Yes three months!!
For some people it's been well 2 years, and they are still unable to play in their church's local assembly, or even accompany themselves or a friend as
they sing. What could be the problem. There is a problem somewhere. Let us find out.
Before we get started, let me show you Somebody who started learning the piano just three months ago, and right now, he is playing to numerousworship songs that He hasn't even heard before now. Even praise songs. I know that most beginners have issues with praise songs because of the speed; ladies and gentlemen there is no difference between playing worship and praise.
"You can play all songs, as long as you know the correct progression"
Music 5:8(Michael Phils Version)
Yes, progression with correct timing.
Did you see that? Now you believe you can also learn to play in three months.
Now Back to the reasons you are not able to play your musical instrument well after all these time.
- You think you know how to play: Some people will say, I know how to play worship VERY WELL, but I don't know how to play praise. Ehn Ehn. Uncle am sorry oo, you don't know how to play atall. You better humble yourself. Just because you know how to play "you are the pillar that holds my life"; you now think you can play worship abi?? If you think you know, you won't be able to have that mind-set to learn. Now it's time to sit down and score songs systematically, if you can't score them yet, you should get somebody that can help you with them. Have a jotter where you write down songs that you score correctly, add songs to the jotter everyday, play all the songs everyday. You have started taking the right steps towards being a professional.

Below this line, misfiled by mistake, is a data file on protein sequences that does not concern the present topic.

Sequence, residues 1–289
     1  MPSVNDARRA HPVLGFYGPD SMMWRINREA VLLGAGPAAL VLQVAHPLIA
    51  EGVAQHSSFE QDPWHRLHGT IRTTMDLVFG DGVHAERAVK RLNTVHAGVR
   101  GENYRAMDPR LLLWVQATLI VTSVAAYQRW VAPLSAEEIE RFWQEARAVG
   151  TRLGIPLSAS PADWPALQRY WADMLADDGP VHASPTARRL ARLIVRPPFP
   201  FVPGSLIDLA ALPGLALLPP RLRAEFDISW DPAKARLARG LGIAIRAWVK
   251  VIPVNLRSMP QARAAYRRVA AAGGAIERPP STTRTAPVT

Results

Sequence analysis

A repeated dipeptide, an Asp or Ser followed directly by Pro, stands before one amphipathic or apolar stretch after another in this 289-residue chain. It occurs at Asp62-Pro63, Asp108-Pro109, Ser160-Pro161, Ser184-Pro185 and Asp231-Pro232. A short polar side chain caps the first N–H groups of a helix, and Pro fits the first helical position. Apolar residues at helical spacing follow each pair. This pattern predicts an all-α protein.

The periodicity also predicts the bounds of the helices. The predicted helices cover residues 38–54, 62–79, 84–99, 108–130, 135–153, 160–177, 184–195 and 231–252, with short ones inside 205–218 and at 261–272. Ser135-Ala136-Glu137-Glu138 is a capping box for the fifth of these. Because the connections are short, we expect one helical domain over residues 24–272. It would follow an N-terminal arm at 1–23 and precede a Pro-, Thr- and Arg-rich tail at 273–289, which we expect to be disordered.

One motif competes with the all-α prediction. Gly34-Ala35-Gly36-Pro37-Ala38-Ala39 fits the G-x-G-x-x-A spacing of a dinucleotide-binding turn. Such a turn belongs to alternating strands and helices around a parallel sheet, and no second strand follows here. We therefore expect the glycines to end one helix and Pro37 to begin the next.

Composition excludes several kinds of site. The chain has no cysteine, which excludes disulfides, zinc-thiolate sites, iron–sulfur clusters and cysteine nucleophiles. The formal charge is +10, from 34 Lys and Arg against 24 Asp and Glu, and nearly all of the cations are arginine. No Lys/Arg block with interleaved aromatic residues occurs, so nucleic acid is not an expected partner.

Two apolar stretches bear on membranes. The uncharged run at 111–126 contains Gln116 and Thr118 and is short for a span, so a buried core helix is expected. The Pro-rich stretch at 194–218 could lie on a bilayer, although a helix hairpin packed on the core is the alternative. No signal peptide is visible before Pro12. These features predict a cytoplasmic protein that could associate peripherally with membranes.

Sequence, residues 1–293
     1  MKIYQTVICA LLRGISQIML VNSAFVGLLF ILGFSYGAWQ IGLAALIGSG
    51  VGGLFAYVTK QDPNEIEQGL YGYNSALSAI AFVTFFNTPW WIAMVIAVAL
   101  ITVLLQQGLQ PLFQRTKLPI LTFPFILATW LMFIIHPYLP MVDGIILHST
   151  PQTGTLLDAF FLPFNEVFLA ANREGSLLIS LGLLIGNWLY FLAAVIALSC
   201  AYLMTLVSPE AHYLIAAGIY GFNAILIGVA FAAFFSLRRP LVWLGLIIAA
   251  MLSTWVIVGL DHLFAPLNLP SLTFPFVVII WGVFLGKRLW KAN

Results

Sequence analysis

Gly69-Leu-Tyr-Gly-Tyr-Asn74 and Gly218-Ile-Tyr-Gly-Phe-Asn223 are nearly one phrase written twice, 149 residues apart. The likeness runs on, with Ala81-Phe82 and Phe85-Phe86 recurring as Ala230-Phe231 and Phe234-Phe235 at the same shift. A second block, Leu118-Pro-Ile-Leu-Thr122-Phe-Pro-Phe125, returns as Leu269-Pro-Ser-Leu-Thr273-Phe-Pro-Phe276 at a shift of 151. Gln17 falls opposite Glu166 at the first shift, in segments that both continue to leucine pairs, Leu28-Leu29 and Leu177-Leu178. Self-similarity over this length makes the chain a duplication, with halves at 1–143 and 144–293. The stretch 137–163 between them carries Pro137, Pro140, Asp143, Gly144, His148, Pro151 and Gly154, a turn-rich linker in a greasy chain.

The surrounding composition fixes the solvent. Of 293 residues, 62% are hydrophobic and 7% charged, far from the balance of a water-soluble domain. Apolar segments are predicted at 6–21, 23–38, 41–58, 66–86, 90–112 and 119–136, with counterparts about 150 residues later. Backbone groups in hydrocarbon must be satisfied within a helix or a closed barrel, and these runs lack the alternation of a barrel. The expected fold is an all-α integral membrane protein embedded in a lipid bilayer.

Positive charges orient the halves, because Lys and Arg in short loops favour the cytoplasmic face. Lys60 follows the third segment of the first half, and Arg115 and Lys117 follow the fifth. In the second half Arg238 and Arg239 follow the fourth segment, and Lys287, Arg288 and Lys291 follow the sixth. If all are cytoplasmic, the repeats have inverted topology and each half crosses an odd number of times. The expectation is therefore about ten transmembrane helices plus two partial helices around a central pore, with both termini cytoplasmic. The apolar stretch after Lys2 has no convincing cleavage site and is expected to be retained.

- You think you know what you need: I'm always pissed when people say "What i need now is bass line for makossa" or some will say "please i need general style for playing highlife, like 2 or 3". If you know the basics of playing, you wont be after all these. Please note that there is no general progression that can play all songs that is sung in the church ooo, and it is not only makossa style that is used throughout a session of praise and worship. Biko. You need have a mentor, so He/She can help you and tell you what you should know. Click here for a list of basic things you should know.
- You don't practice correctly: You need someone to guide you on how you should practice, so you won't just be wasting your time. Can you move conviently from one simple chord to another? If that is a problem, you need to start coming up with series of chord progressions. Crazy ones at that. Are you unable to solo sings on your right hand while you are accompanying them on your left hand with chords? You need to to start practicing to do that. Do you spend quality time practicing? You need to do that, it might be a really boring process, but it would be worth it at the end of the day. There are so many ways to practice correctly, get a mentor, He will tell you what your weaknesses are and tell you how to overcome them.
- You don't listen to songs (I'm not talking about songs like small doctor's music oooo): The more you listen, the more you get know what to play. How can you play to a song, and you don't know what you should sound like. You need to know what you want to play in your mind, before you can actually play it. Listen more, and let your bodyand soul get aquainted to the type of music you like to play. If you love to play the blues, listen to more of blues music. people like albert kings, BB kings and the likes. Do the same for other genres of music too. If it is Gospel, listen to gospel songs. And if you like to play for small doctor, listen to small doctor's music.
- Join a choir or Band: Be commited to the choir or band, come to reharsals earlier than usual to practice. In this scenario, you are actually putting in practice what you have been reharsing at home. If you meet at least once a week, you would be learning to play one song every week. It would be your confidence experience. If you are not serious with you band or choir, you won't be be pushed to do challenging things; therefore it would take you longer than expected to perform well.